Masoud headed for the mountain skirt in complete darkness. “It was slippery, and I could hear my heartbeat. I had no option: I had to either find my way back down or wait for a bullet from the border patrols. My mouth was dry and I could barely breathe. When I got down the mountain, I tried to call the shepherd, but there was no sign of him.”
Masoud found a corner where he could lie down. It was midnight when he passed out. He dreamed of his mother, who was saying, “Wake up, Masoud, wake up! You need to find the way.” He woke up and tried to find his way in the moonlight. His feet were in pain, but he was constantly thinking about survival. “I was watching my son’s video over and over again and keep reminding myself that I have to survive.”
Then all of a sudden someone called him. It was the trafficker who had sent him down. The trafficker took him to the shepherd’s tent and fed him bread and cheese. Masoud’s ankle was injured and his body was sore, but there was another long walk in front of him and he trekked for four hours on a broken foot. They finally arrived at the trafficker’s home and spent the night there. The next day, the trafficker put Masoud in the trunk of a sedan, and after a two-hour drive, arrived back at the city of Salmas. The trafficker was complaining that sending Masoud on the journey again would cost him more money, and they would be better off if they left him in the mountains. Right in front of Masoud’s eyes, the trafficker rejected the phone calls from the Afghan travelers who were now lost in the mountains. When Masoud asked what would happen to these travelers, the trafficker’s response was: “They are either gonna get caught by the border patrols or die.”
Masoud stayed in the trafficker’s home for few more days before he once again began the journey with some Afghan travelers. “I thought this time would be easier, but it wasn’t. They could have driven us over, so I don’t know why we walked, for the most part, in the middle of the mountains for 13 hours straight. There were women and children with us. Even a pregnant woman who was able to ride a donkey for an extra US$100. There were two groups of us with two traffickers. There was a baby crying in the other group, but no one was attending to her. Another kid was crying and asking for his mother, but the father told him to shut up. I talked to the father and told him that it was better not to talk to his kid that way. I tried to walk with the boy and his sister and to entertain them during the journey.”
At some point along the journey, the traffickers robbed Masoud of his belongings, but by this time they already passed the border and were on Turkish soil. After walking in Turkey for a while, the Turkish police ambushed them and threatened to shoot them if they tried to escape. Everyone froze in order not to get shot. Masoud hid his Iranian ID under a stone so they wouldn’t find out about his nationality. Surprisingly, the police officer asked only a few questions and sent the travelers back on their way. Another trafficker eventually came and took them to the city of Van. They were taken to a place called the “Shelter,” where they were forced to buy SIM cards from the building owners.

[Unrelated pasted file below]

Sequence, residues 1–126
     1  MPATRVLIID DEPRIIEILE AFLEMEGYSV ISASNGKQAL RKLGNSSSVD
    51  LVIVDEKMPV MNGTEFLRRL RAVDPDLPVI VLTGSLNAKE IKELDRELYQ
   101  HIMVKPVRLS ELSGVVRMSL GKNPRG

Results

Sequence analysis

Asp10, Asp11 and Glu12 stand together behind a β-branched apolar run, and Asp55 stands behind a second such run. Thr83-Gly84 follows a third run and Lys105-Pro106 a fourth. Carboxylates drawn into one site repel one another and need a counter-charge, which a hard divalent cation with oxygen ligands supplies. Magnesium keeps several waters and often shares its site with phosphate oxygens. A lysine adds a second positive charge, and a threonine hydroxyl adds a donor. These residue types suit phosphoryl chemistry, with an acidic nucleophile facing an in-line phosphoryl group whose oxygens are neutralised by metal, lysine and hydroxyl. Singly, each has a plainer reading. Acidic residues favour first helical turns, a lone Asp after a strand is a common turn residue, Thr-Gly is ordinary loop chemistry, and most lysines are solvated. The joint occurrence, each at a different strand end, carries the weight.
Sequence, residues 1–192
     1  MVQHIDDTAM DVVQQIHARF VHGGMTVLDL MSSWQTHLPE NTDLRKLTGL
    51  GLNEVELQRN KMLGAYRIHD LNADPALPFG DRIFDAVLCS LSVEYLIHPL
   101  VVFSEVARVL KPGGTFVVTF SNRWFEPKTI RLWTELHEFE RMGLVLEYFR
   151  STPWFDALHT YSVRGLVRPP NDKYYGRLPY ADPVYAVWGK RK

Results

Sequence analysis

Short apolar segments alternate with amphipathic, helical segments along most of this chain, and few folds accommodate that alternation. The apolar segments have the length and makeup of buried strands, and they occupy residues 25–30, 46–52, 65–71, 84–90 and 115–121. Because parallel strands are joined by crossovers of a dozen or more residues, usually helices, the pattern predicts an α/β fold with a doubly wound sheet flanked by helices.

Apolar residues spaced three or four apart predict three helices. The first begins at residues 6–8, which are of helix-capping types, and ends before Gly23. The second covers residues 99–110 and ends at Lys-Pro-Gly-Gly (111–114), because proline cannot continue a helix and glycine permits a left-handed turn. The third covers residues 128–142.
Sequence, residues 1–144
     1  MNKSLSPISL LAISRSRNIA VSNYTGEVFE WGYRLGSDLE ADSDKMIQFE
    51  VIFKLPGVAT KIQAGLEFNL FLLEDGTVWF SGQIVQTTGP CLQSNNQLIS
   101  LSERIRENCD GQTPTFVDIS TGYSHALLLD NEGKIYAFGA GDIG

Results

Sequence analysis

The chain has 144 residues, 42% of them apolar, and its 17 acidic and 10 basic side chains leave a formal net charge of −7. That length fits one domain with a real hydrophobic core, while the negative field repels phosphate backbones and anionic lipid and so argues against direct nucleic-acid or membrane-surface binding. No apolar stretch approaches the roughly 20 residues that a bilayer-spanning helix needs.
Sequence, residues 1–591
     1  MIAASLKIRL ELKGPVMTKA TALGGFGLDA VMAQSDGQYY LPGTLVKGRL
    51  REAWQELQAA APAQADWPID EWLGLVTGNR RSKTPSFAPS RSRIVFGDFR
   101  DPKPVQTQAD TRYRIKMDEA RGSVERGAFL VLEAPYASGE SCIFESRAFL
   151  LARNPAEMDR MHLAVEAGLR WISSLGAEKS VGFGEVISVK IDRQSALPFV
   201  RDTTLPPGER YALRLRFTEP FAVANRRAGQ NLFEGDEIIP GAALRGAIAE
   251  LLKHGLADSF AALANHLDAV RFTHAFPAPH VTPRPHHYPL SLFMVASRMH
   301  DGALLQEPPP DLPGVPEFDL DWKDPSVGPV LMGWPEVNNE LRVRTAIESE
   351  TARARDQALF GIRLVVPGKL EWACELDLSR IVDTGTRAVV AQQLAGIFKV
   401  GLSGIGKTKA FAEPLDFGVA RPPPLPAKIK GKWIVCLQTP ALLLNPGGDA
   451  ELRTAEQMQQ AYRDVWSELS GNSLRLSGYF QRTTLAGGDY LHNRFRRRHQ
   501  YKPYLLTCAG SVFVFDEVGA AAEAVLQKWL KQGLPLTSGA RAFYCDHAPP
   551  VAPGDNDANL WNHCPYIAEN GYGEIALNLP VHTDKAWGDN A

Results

After 10 excruciating days, Masoud was now in Van. He called the trafficker in Urmia and asked him when he would be sent to Ankara. The trafficker asked for more money, since Masoud had been sent on the trip twice. Masoud’s family wired the money and the trafficker made fake identity papers for Masoud to use for his journey to Ankara. That night, Masoud was able to call his wife for the first time after embarking on the trip. He was very close to hugging his son once again.
He took a sip of his tea and said, “This is my story.”
I asked him if he feels comfortable now in Turkey. “When I leave Turkey, it will be even better. My wife is still scared. My stress is for her. A couple days ago we heard about a young Sunni man who was murdered in Van. Another time, they stabbed a human rights activist. Turkey’s intelligence agencies have called many of the refugees and informed them that the Islamic Republic is on the hunt for them. In Ankara, a political activist’s wife was hit by a car while she was pregnant. We’re not safe here, but certainly safer than in Iran. I, at least, go to bed at night next to my wife and son, and not in a prison cell. The biggest cost of this immigration for me is the fact that I can’t see my mother again. But I’m not regretful. If I went back and had to decide again, I would still choose the same path and flee from Iran.”